Sep 202013
 

checklistRoutines are a life raft for me in the chaotic world of parenting.  I’ve created a routine checklist for my daughter’s before school, after school and after dinner tasks, and the link for it is at the bottom of this post if you’d like to download it and customize it.

Before using a checklist, I found that my relationship with my preschool-aged daughter involved a lot of me telling her what to do“Unpack your backpack.  I said, unpack your backpack.  Now we’re going to eat a snack.  No, you can’t play yet, it’s time for shower.”  Once she was in Kindergarten I felt like she was ready to start helping around the house with chores.  But in order to get her to complete all her tasks, I had to constantly nag her: “Don’t forget about your cleaning chores… did you feed the cat yet? Now set the table.  I said, set the table. Your backpack is still waiting to be unpacked, do that before you take a shower…” It seemed like every afternoon devolved into an exchange of accusatory looks and frustrated outbursts on both our parts.  My goals were reasonable: I wanted teach my daughter to take responsibility for her tasks, but my strategy (constant reminders) was making us both miserable.

Enter the routine checklist, which we started using when she was four and a half.  I worked on the list together, so that she could take ownership of it.  With the checklist, my daughter knows what is expected of her, and can monitor her progress by checking off the boxes next to each task.  (Each task has an icon next to it so that children can use the checklist even if they don’t know how to read.  For instance, “Pack backpack” has a picture of a backpack next to it.) If I see that she’s gotten off track, I remind her to look at her checklist.  Instead of a ordering her around, I just say, “What’s next on your checklist?”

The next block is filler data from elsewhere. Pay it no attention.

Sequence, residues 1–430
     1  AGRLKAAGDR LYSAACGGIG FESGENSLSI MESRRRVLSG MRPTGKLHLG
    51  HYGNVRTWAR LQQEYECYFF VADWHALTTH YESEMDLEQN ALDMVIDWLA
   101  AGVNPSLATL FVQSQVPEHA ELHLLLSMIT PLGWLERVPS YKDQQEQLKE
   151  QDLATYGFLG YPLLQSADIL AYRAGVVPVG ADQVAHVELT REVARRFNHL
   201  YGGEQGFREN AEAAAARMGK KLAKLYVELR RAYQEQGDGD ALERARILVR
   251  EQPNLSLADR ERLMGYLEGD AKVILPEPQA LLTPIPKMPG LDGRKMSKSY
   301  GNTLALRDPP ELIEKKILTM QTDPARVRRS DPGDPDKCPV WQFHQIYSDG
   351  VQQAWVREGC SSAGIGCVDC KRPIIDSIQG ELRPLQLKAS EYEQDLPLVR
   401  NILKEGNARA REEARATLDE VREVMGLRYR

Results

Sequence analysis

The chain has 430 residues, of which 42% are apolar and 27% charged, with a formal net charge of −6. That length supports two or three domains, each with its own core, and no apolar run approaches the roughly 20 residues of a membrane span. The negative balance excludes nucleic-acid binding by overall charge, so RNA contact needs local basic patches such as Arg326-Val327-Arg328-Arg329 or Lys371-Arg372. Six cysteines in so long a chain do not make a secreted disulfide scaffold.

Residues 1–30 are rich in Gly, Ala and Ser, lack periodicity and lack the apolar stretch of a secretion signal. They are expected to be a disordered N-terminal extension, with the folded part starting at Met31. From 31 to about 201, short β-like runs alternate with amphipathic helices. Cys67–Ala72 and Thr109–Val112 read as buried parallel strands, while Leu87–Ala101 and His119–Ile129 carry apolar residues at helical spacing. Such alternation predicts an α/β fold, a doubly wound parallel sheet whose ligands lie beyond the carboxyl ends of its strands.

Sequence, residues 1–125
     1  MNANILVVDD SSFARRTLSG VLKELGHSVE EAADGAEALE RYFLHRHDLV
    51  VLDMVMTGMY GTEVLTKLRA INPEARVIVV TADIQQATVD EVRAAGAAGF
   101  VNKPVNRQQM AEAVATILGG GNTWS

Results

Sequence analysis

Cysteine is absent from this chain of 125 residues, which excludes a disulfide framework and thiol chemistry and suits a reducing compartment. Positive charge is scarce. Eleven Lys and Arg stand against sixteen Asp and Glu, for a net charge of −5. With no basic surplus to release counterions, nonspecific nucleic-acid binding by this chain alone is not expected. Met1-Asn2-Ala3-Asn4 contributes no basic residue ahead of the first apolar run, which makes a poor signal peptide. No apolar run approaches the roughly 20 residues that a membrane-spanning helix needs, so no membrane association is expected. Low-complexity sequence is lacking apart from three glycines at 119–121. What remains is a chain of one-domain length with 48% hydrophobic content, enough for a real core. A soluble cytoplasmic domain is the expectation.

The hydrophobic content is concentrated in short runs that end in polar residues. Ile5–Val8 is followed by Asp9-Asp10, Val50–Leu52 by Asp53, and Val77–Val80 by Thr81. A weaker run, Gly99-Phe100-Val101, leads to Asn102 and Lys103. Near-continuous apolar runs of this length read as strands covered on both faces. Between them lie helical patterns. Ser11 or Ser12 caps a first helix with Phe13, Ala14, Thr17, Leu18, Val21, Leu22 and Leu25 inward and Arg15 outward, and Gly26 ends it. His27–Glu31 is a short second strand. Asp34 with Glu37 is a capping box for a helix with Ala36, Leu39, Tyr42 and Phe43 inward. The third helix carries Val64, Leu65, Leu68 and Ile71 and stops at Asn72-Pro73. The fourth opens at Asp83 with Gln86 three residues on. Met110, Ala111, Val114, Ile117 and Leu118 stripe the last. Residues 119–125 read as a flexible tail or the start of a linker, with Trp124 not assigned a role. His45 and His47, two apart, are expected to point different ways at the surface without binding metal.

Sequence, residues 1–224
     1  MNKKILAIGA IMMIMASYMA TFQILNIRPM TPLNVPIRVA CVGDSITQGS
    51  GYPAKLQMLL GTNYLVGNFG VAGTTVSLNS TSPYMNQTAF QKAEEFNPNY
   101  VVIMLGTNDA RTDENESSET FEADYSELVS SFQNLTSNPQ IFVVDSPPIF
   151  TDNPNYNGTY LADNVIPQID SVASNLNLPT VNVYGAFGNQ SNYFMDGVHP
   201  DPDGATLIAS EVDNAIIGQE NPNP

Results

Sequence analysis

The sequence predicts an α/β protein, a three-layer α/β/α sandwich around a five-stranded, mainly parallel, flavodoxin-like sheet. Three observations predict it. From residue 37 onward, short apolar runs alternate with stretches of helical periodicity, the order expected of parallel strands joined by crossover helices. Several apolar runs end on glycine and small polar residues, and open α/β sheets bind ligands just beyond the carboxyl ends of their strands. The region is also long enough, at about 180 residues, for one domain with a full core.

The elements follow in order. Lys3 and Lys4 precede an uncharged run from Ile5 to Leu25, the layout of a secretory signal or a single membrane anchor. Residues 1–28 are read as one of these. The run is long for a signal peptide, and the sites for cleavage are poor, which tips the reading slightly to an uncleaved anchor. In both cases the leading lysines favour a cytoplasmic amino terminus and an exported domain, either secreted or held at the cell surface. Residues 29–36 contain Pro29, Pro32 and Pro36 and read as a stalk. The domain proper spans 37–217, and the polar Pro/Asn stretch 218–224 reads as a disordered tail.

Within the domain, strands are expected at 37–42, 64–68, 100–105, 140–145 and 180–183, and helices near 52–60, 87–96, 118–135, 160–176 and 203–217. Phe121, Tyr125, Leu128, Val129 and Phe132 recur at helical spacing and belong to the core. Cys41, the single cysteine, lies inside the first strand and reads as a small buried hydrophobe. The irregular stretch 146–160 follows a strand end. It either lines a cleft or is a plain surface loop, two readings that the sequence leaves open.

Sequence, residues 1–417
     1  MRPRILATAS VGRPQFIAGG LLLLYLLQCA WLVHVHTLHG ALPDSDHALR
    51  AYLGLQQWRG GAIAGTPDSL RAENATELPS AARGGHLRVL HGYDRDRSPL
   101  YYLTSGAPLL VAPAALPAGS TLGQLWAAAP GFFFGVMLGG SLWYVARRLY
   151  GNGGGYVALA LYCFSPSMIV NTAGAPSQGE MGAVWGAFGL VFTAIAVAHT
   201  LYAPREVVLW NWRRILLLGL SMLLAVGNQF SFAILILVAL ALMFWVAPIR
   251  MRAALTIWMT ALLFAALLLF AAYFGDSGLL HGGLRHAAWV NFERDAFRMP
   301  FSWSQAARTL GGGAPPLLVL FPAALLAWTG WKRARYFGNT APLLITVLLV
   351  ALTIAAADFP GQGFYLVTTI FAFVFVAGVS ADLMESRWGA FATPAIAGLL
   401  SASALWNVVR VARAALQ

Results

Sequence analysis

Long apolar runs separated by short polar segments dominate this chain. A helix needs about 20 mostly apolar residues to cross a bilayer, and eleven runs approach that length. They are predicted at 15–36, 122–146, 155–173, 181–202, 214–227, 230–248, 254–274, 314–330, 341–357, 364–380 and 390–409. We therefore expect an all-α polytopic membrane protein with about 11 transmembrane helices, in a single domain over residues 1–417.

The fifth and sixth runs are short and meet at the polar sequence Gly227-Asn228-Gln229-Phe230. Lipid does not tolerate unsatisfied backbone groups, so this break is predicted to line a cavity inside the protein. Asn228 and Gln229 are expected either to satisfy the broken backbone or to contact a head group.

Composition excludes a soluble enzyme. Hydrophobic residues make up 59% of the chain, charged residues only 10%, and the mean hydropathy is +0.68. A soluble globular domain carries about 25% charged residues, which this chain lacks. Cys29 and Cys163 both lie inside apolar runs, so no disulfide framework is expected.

Now, I won’t lie, the routine checklist hasn’t solved all of our battles.  She’s in first grade now, and in the morning tends to be s-l-o-w to complete each task when getting ready for school, and the checklist hasn’t made any difference there. And in the afternoons she’s not that interested in doing chores, so I do get my fair share of eye-rolling sent my way, not to mention the dramatic slump-shouldered walks as she drags herself from one task to the next, glancing over at me to make sure I’m witnessing her misery.  But I do feel like using routine checklists has made a difference in my relationship with my daughter, because our arguments (and there are still many!) are more about the fact that she doesn’t want to complete her tasks, and not so much about her being angry at me for ordering her around. And don’t we all get frustrated with our list of to-do’s from time to time?  She’s learning that life is challenging because we all have tasks of some sort that we need to complete each day, but she’s also learning that she can get through it if she makes a list and works through it step-by-step.

The downloadable checklist is in Microsoft Word so that you can easily customize it to fit your own routines and expectations.  If you have trouble opening or editing the document, leave a comment on this post and I’ll do my best to help you (note that for some reason weird formatting can result from opening the document in read-only mode: to remedy this, select “Edit” or “Print” and you’ll get the original formatting).

Free Downloadable Daily Routines Checklist for Children:

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Jan 132013
 

2013 Calendar by MeinLilaParkThere are lots of great free printable 2013 calendars available right now.  Don’t get me wrong, I’m a big fan of electronic calendars, like the Google Calendar that I use for my weekly and monthly calendars, but there’s no question that actual, paper calendars are really handy as well. Every year I print out a 1-page yearly calendar to put near my desk, as well as a 12-page monthly calendar for my daughter to use.

MeinLilaPark has compiled a list of over 50 free printable calendars, including 12 month calendars, 1-page yearly calendars, mini calendars, and more.  Here are some of the best free printable 2013 calendars out there (and check out MeinLilaPark for more):

12 Month 2013 Calendars (12 pages)

If you’re a fan of cutesy teddy bears, GraphicGarden offers this one:

If you’re more into country charm, GraphicGarden‘s got you covered:

If you’re looking for something simple, try this one from Botanical Paperworks: